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Can't transmission lines go underground?


While there are some instances where lower voltage distribution lines and high voltage direct current (HV DC) transmission lines can be laid underground, there are significant costs to do so, as well as environmental, technical and operational limitations. In general, and for the transport of energy from large wind, solar, pumped hydro, and energy storage facilities, the transmission lines that we have today and need to build more of will be high voltage alternating current (HV AC). Placing AC transmission lines underground is estimated to be anywhere from three times to more than ten times the cost compared to placing HV AC lines overhead, and to take years longer to deliver. That additional cost would be paid for by all of us through our electricity bills.

Sometimes, energy generators or distribution businesses will choose to install underground lines – HV DC or lower-voltage lines – for a specific distance to improve their social licence, expedite their project’s completion, or where there are above-ground restrictions on doing so. This choice will require excavation and land disruption during construction and additional converter stations along the route, adding to land requirements and costs. For example, offshore wind project Star of the South plans to build a connection through Gippsland, which is to be built underground for a portion of the route.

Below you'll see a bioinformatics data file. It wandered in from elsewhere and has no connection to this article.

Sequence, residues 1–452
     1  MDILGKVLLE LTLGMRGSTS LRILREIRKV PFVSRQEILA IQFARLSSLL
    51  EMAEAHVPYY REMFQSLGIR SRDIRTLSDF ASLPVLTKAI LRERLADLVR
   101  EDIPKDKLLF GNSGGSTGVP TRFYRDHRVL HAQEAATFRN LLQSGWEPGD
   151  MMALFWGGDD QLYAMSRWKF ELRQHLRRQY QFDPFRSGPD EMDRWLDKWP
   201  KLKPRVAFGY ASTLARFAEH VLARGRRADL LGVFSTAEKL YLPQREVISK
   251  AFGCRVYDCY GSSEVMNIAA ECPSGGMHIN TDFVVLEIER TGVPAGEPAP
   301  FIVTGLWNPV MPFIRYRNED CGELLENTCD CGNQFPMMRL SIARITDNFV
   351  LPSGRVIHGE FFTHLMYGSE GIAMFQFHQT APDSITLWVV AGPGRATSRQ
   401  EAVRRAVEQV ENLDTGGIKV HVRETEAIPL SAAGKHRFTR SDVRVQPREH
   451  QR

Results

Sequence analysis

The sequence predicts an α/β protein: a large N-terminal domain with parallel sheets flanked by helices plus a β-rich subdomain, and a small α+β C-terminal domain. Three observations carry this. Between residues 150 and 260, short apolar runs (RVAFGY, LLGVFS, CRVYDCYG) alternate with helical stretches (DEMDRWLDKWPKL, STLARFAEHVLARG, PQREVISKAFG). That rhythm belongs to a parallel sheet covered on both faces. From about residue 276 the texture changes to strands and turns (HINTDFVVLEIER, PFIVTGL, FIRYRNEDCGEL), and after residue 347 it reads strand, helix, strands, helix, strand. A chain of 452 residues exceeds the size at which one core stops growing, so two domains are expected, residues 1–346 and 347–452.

More information on the costs of under-grounding transmission lines can be found in the AEMO Transmission Cost Report 2021 (page 23), and in the AEMO VNI West Project Assessment Conclusions Report 2023 (page 105). 

Costs aside, underground transmission lines aren’t necessarily safer or more convenient. While they may ease some concerns around the look and feel of a place, they are not necessarily better for the environment or landholders. There are significant land disturbance issues associated with the initial trenching works, and accessing underground lines for maintenance is more invasive as soil including any crops on top of the line must be dug up if there are faults. In contrast, overhead lines accommodate the majority of agricultural land uses.

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